News Reporting is Perceived as Biased, though Less Agreement on Whether it is Liberal or Conservative Bias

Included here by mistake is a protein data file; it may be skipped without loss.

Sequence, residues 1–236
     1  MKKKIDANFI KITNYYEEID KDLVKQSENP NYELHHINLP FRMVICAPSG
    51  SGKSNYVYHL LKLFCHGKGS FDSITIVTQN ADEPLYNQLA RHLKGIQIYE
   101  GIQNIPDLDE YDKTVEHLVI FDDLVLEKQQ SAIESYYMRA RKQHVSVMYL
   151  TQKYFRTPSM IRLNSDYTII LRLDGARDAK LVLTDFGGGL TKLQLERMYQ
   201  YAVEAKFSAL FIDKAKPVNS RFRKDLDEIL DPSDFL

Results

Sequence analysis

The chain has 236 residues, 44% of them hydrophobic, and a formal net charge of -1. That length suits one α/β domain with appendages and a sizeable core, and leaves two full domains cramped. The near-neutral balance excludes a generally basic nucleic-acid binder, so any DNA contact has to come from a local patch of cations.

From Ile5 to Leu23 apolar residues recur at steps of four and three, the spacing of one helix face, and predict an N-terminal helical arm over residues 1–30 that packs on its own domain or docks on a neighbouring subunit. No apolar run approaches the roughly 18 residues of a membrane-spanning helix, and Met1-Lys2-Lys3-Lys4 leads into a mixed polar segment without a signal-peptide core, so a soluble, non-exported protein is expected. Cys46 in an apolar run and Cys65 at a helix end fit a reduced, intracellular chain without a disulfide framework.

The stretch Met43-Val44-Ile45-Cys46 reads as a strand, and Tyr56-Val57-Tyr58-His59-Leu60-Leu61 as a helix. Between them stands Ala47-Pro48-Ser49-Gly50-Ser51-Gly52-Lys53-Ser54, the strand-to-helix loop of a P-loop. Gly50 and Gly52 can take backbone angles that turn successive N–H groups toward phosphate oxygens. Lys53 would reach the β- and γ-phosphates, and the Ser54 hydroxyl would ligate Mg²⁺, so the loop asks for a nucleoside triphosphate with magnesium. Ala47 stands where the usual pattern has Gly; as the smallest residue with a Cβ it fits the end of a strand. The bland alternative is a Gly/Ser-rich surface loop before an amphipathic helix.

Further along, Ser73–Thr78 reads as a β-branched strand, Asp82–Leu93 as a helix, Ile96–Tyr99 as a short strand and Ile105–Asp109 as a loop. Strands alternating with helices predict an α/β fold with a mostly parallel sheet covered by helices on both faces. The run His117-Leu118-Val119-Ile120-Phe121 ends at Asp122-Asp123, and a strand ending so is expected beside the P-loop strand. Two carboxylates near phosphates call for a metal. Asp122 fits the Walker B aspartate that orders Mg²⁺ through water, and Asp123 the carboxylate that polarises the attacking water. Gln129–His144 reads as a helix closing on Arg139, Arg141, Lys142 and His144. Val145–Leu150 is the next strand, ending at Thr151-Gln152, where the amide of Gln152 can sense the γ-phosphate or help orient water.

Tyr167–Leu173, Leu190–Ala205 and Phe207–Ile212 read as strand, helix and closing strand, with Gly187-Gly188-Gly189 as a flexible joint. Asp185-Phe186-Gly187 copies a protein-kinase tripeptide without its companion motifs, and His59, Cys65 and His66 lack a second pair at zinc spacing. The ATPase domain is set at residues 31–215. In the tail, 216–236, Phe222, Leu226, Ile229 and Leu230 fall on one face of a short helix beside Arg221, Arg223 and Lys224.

CNN and FOX News are channels most often turned to for political news